Ogden agrees with Black that Averroes successfully explains the experience of human self-awareness in terms of imagination, without needing to appeal to intellect. But Ogden says that for Averroes, in a stricter sense it is indeed only the intellect as our perfective form that “understands”, so perhaps we should say that thought happens within us, rather than that we think.

He mentions that Bertrand Russell said that Descartes should have said “there is thought”, rather than “I think”. I would add that “I” am not a “thinking thing”, but an ethical being constituted by my commitments and practices of commitment.

“This Human Understands”

Imagination rather than intellect is actually the main locus of human consciousness for both Thomas Aquinas and the great Aristotelian commentator Averroes whom Aquinas famously criticized, according to medieval scholar Deborah Black.

“[W]ithin the Aristotelian framework which Aquinas and Averroes share, the psychological explanation and interpretation of intellectual consciousness is not itself a given, even if the experience of consciousness is. Consciousness of thinking may play a central role in Cartesian philosophy, and in the system of Averroes’s and Aquinas’s predecessor, Avicenna. But it has no such privileged status in the philosophies of Aristotle, Averroes, or Aquinas, in which the possible intellect ‘is actually nothing before it thinks,’ and is only able to think itself after it has been actualized by some other object”, she wrote in her 1993 essay “Consciousness and Self-Knowledge in Aquinas’s Critique of Averroes’s Psychology”.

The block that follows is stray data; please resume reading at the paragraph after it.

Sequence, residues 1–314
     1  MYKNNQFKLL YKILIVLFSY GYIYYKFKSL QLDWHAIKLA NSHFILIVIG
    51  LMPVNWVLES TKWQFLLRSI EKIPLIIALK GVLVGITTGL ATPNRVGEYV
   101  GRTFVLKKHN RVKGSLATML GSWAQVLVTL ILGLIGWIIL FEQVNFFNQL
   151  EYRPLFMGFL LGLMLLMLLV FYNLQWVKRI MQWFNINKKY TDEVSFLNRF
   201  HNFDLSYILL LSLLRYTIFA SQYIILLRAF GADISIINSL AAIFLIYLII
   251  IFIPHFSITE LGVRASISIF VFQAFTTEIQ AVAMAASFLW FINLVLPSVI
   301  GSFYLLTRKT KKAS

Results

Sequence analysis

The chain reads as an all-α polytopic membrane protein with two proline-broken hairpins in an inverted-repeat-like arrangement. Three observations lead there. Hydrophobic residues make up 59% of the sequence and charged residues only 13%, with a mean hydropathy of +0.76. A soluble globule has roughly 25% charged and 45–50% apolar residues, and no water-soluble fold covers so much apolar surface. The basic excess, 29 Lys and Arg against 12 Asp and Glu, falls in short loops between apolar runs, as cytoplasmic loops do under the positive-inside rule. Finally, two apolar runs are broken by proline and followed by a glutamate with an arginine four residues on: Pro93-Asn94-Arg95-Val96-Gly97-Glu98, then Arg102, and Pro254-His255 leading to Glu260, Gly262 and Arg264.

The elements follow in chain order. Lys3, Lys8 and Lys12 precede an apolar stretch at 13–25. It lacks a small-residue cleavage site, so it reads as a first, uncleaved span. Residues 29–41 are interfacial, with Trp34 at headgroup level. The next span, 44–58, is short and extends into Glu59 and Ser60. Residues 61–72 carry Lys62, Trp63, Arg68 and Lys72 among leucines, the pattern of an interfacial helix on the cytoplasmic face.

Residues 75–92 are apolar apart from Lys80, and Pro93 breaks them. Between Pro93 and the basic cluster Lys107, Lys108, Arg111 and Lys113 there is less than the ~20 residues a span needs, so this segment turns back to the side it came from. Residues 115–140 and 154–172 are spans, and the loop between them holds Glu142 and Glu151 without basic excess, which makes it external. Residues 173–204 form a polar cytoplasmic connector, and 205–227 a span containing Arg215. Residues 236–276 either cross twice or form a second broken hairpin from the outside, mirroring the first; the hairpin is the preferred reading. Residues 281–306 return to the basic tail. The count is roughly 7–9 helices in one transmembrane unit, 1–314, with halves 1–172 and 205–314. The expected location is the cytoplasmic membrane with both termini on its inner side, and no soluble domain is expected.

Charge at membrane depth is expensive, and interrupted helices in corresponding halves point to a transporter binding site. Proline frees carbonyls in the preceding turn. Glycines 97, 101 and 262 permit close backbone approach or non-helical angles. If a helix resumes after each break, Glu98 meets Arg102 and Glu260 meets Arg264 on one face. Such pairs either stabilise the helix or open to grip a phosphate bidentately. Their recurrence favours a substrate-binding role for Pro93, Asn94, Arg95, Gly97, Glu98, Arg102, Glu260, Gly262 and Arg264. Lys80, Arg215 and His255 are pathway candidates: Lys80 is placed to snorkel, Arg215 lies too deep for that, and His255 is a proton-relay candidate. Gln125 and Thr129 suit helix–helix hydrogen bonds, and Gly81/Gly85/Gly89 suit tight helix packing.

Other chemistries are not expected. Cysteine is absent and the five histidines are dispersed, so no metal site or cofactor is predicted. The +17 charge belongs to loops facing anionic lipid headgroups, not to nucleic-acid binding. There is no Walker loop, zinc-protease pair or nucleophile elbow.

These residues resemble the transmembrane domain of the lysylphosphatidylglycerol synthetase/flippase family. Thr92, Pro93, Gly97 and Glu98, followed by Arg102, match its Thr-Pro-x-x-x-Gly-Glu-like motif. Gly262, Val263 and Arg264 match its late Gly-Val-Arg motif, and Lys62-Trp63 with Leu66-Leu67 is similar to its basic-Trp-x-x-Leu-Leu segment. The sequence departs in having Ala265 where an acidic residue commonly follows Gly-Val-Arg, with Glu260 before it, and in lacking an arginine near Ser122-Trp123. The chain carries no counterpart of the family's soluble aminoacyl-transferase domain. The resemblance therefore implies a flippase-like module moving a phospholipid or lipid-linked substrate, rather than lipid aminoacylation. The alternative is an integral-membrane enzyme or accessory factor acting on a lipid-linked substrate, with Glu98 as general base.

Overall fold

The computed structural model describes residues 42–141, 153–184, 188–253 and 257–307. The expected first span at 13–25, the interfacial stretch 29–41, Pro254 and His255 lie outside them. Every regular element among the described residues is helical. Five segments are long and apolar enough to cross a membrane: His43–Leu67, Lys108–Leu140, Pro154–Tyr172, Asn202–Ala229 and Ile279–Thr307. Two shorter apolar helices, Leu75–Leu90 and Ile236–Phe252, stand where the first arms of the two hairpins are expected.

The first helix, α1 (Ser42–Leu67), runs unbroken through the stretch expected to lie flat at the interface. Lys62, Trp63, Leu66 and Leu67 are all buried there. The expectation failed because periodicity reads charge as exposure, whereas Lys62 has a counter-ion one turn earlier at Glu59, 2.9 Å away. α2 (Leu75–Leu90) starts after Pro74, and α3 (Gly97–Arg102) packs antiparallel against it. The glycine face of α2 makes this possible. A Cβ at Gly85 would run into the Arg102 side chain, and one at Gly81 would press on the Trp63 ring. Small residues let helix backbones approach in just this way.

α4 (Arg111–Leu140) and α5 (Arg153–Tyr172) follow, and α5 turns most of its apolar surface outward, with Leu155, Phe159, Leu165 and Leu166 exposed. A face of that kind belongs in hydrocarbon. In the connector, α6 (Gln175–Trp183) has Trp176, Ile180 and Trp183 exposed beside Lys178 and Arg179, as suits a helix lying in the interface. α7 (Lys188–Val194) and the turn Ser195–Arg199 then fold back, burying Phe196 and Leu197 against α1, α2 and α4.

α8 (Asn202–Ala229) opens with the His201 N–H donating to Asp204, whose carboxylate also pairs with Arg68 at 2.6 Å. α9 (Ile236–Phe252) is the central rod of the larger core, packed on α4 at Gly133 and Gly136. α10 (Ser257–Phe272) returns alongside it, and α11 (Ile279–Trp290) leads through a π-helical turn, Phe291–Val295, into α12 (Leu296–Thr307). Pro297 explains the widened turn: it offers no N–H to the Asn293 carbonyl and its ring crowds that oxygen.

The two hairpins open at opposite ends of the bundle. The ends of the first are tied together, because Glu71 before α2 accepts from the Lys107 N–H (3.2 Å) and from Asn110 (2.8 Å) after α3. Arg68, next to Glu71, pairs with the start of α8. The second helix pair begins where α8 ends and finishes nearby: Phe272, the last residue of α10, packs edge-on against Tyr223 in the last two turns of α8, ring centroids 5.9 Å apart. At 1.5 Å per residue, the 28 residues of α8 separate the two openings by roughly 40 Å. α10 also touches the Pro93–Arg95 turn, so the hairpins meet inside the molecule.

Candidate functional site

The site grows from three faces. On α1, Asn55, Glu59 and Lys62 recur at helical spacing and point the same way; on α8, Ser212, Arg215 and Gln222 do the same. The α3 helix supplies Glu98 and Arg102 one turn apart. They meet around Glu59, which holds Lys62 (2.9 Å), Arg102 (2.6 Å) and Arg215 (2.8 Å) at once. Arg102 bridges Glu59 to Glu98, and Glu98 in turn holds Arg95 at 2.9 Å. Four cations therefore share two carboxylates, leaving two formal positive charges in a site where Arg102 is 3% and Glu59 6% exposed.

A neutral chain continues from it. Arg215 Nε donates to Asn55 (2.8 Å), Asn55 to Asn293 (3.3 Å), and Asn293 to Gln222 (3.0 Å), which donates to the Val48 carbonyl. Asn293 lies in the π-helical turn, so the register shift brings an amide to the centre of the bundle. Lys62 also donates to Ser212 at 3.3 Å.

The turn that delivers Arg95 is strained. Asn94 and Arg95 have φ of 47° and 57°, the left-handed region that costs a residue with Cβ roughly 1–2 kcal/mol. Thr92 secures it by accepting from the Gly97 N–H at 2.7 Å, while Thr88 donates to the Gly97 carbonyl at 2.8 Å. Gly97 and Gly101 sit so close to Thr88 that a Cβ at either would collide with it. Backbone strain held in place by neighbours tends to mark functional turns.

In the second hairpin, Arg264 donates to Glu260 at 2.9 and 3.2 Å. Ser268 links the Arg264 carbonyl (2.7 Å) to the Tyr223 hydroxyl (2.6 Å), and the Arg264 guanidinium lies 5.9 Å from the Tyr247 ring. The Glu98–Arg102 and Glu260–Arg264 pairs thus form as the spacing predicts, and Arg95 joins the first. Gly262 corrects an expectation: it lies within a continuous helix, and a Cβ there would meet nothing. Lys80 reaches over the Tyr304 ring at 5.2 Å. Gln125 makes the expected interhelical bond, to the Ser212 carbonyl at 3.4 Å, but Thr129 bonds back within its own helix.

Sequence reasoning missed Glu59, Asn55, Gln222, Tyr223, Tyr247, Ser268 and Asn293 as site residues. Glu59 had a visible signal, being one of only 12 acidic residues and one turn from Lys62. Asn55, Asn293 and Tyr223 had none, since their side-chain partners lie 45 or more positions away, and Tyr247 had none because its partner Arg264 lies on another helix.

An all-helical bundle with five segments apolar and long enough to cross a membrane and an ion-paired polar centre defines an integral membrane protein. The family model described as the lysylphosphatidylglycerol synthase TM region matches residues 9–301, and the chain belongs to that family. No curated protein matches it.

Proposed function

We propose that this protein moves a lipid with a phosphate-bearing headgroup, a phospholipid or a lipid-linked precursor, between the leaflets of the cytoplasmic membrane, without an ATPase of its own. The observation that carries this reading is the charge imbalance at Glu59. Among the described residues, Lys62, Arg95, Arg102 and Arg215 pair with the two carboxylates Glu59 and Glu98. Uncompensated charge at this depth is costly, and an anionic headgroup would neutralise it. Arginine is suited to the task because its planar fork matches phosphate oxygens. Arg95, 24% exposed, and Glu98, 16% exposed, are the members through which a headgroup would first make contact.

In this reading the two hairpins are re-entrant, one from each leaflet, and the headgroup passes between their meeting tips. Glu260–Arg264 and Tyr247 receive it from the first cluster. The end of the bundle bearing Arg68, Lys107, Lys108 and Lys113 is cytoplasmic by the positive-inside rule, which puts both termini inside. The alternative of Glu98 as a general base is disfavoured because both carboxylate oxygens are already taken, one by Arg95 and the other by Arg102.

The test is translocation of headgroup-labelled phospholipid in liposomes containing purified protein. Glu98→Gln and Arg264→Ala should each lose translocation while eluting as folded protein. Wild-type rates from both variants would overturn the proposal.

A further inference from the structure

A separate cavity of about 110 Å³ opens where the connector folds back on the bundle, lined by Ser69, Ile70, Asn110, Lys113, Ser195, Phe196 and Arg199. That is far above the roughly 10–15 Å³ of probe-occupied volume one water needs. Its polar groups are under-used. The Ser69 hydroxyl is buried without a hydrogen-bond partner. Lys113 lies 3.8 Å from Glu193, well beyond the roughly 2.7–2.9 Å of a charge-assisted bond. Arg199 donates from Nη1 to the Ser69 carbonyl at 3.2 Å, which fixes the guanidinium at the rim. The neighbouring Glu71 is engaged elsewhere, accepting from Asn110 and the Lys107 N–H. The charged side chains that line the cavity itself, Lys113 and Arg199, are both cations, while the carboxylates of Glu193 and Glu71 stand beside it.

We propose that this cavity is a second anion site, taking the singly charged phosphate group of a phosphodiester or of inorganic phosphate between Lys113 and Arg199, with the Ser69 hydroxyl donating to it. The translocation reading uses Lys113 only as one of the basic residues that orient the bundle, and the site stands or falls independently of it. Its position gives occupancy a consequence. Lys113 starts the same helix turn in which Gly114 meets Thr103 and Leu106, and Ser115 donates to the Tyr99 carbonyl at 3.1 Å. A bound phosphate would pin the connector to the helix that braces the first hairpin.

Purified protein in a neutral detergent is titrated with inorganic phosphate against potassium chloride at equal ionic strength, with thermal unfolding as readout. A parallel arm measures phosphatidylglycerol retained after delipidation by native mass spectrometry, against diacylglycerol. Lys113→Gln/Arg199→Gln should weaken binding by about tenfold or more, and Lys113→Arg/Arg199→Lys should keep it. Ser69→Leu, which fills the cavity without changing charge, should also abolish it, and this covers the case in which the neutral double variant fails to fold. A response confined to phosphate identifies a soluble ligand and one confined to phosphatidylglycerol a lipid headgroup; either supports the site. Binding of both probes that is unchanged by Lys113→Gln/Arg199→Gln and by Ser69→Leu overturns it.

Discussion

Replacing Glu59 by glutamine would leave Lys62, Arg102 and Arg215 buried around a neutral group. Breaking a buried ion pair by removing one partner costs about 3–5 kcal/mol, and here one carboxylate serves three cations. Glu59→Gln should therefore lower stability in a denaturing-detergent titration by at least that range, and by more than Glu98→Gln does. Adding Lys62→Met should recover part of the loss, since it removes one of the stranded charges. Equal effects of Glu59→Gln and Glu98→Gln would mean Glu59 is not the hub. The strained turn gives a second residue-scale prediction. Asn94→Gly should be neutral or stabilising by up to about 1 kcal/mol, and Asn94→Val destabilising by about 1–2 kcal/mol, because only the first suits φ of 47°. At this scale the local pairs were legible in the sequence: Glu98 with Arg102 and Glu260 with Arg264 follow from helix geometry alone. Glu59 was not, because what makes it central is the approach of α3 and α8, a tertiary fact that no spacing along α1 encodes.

The relation of so-called “intellect” (nous) to the human “soul” (psyche) in Aristotle has historically been a major point of contention. These words are used in subtly or extremely different ways by many authors. I strongly recommend holding off on any easy identification of either of them with what modern people think of as subjective mind or consciousness.

Aristotle seems to apply a variant of his fruitful pairing of potentiality and actuality in his rather minimalist account of intellect. These notions were developed in greater detail in the commentary tradition. To hazard an oversimplification, intellect in actuality was considered to be something immaterial that makes things intelligible, whereas intellect in potentiality was considered to be something with no form of its own that takes on intelligible forms.

The great Greek commentator Alexander of Aphrodisias identified the potential or “material” intellect with a part of the soul, which he considered to be inseparable from the body, and therefore mortal. The actual or “agent” intellect he identified with a divine principle that he also gave a cosmological role.

The brilliant Arabic commentator Averroes (Ibn Rushd) argued that both aspects of intellect were symmetrically unique immaterial principles, outside the soul but connected with it. He became convinced that all humans must share a common “material” (potential) intellect, which grounds the real existence of logical universals and intelligible forms, but gets its contents from human imagination, and would not exist if there were no rational animals.